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Advice for New Managers

Are you a new manager, or hoping to be one soon?

Unfortunately, most new managers are left to sink or swim when they get promoted into a leadership role. The data is concerning, 40% of new managers don’t last 18 months.

Why do so many companies tolerate the lost time, lost opportunities, lost money, and of course the inevitable heartache that comes with dealing with a new manager who does not perform (or who was not given the proper support they needed to succeed)?

Hopefully your company has appointed you a mentor, or has a formal training program in place to succeed in your new role, but if not, here are some suggestions to help you make a successful transition to a management role, inspired by the book The Next Level, written by my friend Scott Eblin.

Change your mindset.

You probably got promoted because you have a reputation for being a go-to person; a person who works hard and gets things done in your functional area. However, if you want to be an effective manager, you must stop being so self-reliant and instead focus your attention on building a team of go-to people. You don’t “do the work” anymore, rather you need to “get things done through others.” You must make the mental transition from using your functional skills, to coaching and supporting your team members to use theirs.

I think of the manager’s role as being like a football coach. You may have been the star player once, but now you have been appointed as coach. You don’t play the game on the field anymore. Now your role is to recruit, train and coach a team of players to perform well in their respective positions, and to play well as a team in order to win the game.

Do what only you can do.

With each promotion the scope of your work expands. Instead of owning a small handful of personal goals, you are now expected to coach each of your direct reports to achieve their Metrics/KPIs and to get their Projects and Tasks done on time. As a manager, you only win when your team wins.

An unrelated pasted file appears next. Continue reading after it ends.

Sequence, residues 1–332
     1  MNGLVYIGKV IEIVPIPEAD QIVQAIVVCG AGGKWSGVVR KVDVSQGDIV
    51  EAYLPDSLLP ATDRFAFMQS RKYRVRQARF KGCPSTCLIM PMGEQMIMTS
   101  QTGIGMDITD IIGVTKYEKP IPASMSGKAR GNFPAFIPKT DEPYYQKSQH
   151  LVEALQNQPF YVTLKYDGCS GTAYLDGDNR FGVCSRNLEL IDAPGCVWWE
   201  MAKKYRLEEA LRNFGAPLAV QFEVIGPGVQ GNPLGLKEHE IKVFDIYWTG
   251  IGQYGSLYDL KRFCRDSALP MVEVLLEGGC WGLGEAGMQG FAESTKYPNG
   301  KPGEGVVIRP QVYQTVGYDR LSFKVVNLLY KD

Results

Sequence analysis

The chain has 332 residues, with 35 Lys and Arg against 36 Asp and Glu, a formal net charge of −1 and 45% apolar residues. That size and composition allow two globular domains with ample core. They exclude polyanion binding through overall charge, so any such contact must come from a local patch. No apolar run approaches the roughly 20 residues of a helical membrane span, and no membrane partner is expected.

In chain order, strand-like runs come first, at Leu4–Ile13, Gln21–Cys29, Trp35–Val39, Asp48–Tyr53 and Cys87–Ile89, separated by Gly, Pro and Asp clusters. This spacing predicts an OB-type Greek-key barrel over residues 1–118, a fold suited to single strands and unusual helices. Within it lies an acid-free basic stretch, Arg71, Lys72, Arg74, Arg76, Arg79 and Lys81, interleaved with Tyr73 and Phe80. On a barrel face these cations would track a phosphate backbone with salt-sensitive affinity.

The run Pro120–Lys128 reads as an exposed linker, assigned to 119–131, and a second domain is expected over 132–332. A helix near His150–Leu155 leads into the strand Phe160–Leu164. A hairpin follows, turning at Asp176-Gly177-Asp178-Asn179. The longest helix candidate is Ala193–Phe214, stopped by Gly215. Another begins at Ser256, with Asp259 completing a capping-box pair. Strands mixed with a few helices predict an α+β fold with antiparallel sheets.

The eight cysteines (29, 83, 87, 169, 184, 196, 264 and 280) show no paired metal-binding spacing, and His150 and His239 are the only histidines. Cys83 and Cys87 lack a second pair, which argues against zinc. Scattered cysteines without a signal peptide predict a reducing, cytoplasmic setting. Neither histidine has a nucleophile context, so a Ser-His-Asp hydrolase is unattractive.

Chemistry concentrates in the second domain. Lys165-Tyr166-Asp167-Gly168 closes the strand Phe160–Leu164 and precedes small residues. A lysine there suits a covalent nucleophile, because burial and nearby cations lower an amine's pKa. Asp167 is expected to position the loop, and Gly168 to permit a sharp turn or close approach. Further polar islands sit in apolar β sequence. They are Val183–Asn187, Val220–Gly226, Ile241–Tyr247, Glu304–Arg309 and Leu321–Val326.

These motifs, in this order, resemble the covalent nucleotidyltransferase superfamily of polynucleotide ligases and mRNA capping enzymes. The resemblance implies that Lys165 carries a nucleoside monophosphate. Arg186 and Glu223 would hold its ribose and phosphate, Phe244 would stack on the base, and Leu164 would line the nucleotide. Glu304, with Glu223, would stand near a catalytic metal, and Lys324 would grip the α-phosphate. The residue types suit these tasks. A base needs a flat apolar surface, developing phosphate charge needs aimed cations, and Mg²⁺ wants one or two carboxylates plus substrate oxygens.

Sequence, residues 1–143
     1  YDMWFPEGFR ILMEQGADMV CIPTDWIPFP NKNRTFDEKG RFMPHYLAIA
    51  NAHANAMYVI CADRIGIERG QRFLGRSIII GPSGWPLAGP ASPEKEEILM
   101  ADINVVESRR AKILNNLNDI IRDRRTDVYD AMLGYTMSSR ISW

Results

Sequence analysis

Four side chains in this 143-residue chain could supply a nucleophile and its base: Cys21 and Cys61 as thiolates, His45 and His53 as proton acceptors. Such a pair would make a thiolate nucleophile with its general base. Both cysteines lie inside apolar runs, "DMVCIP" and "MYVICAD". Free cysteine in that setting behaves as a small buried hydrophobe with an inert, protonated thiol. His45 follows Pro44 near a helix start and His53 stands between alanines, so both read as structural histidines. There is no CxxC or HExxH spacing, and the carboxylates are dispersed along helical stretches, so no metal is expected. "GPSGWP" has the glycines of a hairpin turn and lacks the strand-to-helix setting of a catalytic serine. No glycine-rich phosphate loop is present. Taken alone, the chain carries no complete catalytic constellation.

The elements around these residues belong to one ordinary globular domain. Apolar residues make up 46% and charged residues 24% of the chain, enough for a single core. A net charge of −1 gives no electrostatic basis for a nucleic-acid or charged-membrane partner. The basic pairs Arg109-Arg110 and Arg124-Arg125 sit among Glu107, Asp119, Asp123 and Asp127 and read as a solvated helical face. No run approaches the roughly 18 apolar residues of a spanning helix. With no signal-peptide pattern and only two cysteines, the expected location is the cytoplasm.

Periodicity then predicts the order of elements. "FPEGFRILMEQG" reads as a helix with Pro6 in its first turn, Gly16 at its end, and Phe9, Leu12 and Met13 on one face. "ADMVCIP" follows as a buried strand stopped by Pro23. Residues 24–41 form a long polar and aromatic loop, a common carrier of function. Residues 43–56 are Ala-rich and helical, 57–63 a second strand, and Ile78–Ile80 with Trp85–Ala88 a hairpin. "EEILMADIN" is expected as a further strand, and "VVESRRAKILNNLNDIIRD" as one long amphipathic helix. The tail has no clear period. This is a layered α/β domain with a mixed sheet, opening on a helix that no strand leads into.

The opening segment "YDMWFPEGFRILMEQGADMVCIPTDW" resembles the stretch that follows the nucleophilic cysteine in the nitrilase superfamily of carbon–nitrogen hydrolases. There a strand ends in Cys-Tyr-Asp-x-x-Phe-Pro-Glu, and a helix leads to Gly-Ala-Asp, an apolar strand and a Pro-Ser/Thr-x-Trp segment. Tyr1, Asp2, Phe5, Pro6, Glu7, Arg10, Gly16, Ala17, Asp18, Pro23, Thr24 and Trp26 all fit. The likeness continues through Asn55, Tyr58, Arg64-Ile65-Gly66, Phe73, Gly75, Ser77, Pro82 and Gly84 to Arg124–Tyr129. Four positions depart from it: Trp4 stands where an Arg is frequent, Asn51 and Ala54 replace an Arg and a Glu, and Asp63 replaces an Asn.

Peter Drucker said to ask yourself, “What can I, and only I do, that will produce the greatest results?” Focus most of your time on performing those tasks that only someone in the manager’s role can do.

Tip: The most important use of your time is meeting 1-on-1 with your people each week to discuss their performance and coach them to realize their full potential.

Focus on "what and why”, not "how".

Provide clear directions. Put checklists and systems in place.  Set Metrics / Key Performance Indicators for each role. Delegate a manageable number of Projects and Tasks. Now, step back and let your team figure out how to do it. They’ll develop faster and you’ll get more done.

Yes, you are accountable for the results of your team’s work, but don’t micro-manage them by trying to control everything that happens. You may think your way is the right way, but it’s not the only right way. Communicate “what” needs to be done, and give them the context for “why” it is important. Then give people the freedom and autonomy to figure out “how”.

I have a saying: “Successful Business Execution is 20% giving people clarity about what needs to be done, and 80% following up to make sure it actually gets done". Even though you are giving people autonomy to figure out how to achieve their Goals, you still must hold people accountable for achieving the agreed results, and that means running effective meetings every week to discuss and coach performance.

Look at the bigger picture.

Don’t get stuck in your own functional silo. Recognize that other managers have their goals too. Ask other managers what success looks like for them in their functional area. Ask them what is working and what is not working for them currently, and what your team can do to help them succeed.

Study your organization’s strategic plan so you can make decisions that are aligned to the organization’s current strategic projects, and can coordinate the work of your team accordingly.  

If you want to demonstrate to your boss that you have true senior leadership potential, you need to show that you can think beyond your current position, and beyond your functional area. Put your hand up to get involved in the strategic planning process so you can understand the inevitable trade-offs that are required in order to make strategic decisions that are in the best interests of the overall organization.

Learn to say, “No”.

Set clear boundaries on your time and availability. Build some healthy routines that give you a chance to renew so you show up physically and mentally at your best. If you keep adding more things on your plate, and over-commit yourself you will crash and burn. Ask your boss what is truly important to them and focus on delivering just that. Learn to say "NO" to everything else!

See here for more tips on how to improve your productivity as a leader.